What you can and can’t do at Cannes

AS THE UNREMARKABLE but mostly mellow 59th edition of the Cannes Film Festival quickly passes into history, a few lessons can be drawn from the event that may prove useful to filmmakers hoping to one day bring home a Palme from the Palais.

  • Don’t accept an invitation to the festival if your film’s not ready.

Such advice was not heeded by the maker of “Southland Tales,” arguably the competition’s biggest fiasco. As festgoers came to understand the situation after the fact, director Richard Kelly and the producers intended to keep editing and refining the sprawling, ambitious political fantasy until September, when they hoped to premiere it at the Toronto Film Festival. However, the film’s Paris-based foreign sales company, Wild Bunch, urged Cannes artistic director Thierry Fremaux to take a look, and he invited the film as it was. Ill-advisedly, as it turned out, the filmmakers accepted; the result is a gravely wounded picture that will now be recut into a new version that may well debut in Toronto.

The last time something like this happened was two years, when the Japanese financiers of Vincent Gallo’s notorious “The Brown Bunny” more or less insisted that he submit his then-overlong film before its time. His subsequent recut, shorn of a half-hour, was subsequently shown (in Toronto, initially) and was better received. The same could happen to “Southland Tales,” but it’s awfully hard to dig (or cut) yourself out of such a deep hole.

Filmmakers would be well advised, then, to avoid the temptation of an invitation from Cannes or any other festival before they think their film is ready for serious scrutiny. One Cannes vet cognizant of the principle this year may have been Steven Soderbergh, who, despite Fremaux’s enthusiastic invitation, decided to withdraw his black-and-white post-WWII drama “The Good German” for further refinements. After all, if your work is good, there is always another festival right around the corner that will be happy to show your film.

  • You’re in good company if you’re rejected, especially if your last name rhymes with Prix.

In each of the last two years, the Cannes selection committee has received a retrospective black eye come September when the Golden Lion at the Venice Film Festival has gone to a picture Cannes rejected; last year it was “Brokeback Mountain,” and the year before that it was “Vera Drake.” Cannes organizers later offered lame excuses, such as allegedly having only seen part of Ang Lee’s cultural touchstone, but insider word is that they simply didn’t like “Brokeback” and that Mike Leigh was a victim of the fest’s worthy but ineptly applied effort not to automatically show virtually any film just because it was made by a long-favored auteur.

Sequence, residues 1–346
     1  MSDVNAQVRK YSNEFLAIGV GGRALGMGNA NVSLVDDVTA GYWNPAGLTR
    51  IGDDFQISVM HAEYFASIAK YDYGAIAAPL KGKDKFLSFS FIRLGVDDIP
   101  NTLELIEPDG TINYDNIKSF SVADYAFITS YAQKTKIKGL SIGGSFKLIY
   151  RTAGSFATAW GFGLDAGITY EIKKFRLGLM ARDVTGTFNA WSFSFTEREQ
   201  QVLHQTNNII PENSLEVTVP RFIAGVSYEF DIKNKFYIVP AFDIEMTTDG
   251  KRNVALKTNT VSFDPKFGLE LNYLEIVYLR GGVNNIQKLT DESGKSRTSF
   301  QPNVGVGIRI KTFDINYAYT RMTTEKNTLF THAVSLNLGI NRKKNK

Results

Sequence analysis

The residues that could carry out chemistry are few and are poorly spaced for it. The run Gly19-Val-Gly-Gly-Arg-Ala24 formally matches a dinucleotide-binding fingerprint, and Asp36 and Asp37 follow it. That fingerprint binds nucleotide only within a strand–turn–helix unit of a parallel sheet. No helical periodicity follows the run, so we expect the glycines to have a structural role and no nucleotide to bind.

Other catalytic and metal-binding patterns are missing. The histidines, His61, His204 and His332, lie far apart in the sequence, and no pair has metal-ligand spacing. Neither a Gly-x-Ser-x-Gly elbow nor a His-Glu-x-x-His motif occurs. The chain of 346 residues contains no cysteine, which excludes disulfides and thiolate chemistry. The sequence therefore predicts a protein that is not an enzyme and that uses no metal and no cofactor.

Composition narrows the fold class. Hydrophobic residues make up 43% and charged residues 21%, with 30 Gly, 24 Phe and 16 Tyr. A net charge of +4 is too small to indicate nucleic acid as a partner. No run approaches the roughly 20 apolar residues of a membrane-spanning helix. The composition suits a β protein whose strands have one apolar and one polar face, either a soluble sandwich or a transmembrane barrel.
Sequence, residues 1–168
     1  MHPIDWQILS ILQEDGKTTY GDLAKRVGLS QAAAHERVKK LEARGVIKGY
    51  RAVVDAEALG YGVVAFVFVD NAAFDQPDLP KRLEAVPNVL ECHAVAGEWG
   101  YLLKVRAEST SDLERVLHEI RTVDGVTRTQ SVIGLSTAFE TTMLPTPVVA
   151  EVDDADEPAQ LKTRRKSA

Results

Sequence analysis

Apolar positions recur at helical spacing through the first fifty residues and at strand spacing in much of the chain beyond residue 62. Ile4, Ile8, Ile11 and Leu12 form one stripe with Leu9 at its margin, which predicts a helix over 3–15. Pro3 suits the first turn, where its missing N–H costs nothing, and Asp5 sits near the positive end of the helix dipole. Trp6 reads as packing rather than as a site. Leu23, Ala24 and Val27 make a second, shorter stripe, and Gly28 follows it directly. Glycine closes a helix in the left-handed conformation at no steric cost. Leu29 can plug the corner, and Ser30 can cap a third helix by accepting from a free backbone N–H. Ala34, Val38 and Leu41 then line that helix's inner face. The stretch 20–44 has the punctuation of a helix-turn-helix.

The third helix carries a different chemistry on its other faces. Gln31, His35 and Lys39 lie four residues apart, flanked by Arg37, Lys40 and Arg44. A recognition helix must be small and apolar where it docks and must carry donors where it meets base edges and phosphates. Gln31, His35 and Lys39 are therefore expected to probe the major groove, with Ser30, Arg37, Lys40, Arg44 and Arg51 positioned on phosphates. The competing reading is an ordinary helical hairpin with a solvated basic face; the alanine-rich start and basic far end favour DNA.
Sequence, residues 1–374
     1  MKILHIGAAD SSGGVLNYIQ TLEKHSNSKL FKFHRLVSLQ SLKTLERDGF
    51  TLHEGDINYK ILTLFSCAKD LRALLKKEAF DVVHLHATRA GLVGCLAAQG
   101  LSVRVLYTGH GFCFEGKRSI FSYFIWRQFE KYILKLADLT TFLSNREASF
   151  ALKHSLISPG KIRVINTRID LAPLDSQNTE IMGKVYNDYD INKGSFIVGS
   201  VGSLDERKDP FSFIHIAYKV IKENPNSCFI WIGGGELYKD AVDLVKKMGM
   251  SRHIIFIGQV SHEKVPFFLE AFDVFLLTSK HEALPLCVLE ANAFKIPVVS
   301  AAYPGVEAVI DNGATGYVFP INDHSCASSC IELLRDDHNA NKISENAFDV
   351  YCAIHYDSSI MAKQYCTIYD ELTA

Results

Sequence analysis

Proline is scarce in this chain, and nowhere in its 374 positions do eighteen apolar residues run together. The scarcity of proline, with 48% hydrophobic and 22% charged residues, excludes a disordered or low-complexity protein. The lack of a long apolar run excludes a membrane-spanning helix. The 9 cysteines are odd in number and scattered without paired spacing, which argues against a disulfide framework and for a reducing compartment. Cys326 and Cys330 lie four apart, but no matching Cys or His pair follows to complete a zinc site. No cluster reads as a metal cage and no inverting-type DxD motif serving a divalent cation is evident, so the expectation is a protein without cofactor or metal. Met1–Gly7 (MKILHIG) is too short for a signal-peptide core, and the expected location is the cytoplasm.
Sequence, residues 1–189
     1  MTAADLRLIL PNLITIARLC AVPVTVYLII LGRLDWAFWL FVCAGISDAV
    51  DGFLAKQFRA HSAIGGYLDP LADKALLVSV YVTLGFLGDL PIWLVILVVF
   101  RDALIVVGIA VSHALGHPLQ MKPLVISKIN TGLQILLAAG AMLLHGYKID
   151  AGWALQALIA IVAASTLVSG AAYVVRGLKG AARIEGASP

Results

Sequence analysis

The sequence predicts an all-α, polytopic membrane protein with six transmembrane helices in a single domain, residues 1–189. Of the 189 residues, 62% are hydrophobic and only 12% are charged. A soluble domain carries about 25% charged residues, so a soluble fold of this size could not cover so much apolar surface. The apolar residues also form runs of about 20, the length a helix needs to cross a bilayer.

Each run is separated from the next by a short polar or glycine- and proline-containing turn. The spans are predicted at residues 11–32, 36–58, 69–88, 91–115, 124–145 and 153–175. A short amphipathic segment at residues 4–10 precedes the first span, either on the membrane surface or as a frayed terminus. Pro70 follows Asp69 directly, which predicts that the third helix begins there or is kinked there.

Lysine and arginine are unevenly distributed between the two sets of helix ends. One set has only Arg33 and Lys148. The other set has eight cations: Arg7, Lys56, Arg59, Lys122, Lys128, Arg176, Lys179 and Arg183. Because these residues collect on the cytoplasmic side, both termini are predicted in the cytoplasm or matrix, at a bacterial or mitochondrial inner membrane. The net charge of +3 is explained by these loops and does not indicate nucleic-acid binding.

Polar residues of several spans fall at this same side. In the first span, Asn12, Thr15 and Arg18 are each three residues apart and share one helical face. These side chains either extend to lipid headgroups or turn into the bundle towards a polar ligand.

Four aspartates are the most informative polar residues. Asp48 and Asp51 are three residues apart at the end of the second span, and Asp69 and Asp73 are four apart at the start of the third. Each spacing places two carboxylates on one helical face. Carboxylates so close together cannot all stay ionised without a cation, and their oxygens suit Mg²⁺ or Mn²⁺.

No doubt Ang Lee and the Focus guys were distressed by their rejection (Mike Leigh, for his part, told the Cannes bunch they could go jump in the Mediterranean when he accepted his Venice prize), but there is a theory that Cannes actually did them a favor by rejecting “Brokeback.” First, the Cannes critical reaction might not have been as hugely enthusiastic as that which greeted the film in September; a degree of negativity could have dented its reputation at the outset. Second, even if it had scored raves in Cannes, “Brokeback” might have peaked too early by premiering in May. As things turned out, the film rode an ever-cresting wave from Telluride, Venice and Toronto through the critics’ awards all the way up to a couple of weeks before the Oscars, when “Crash” obviously overtook it. But it was a great run that might still have turned out well with a Cannes start but wouldn’t have happened the same way.

As for Venice, it will never live down having rejected Clint Eastwood’s “Unforgiven.”

  • Don’t give up on the Palme.

Some observers detected a note of disappointment in Pedro Almodovar’s attitude as he accepted what could be construed as a consolation screenplay prize this year for “Volver,” which had topped the critics’ polls throughout the fest and was the only film to win two awards (the other was for its ensemble of actresses). But Spain’s modern master should take heart from the fact that he lost to Ken Loach, whose Palme d’Or-winning “The Wind That Shook the Barley” marked his eighth film in the competition but first Palme.

Loach’s new film isn’t a masterpiece or the best of his career, but it’s a strong, worthy picture that no doubt got extra credit by virtue of its director’s track record. It took some other notables, including Lars von Trier, a few tries to win, while Eastwood has been up to bat five times in Cannes without a homer.

  • Try really, really hard to make a great film within the next 12 months.

Next year is the 60th anniversary of the Cannes Film Festival, so Fremaux & Co. will be scouring the earth to find the best possible films to fill out the lineup. Do your best work on your next picture and you could find yourself taking home a prize and getting a big bisou from Catherine Deneuve.

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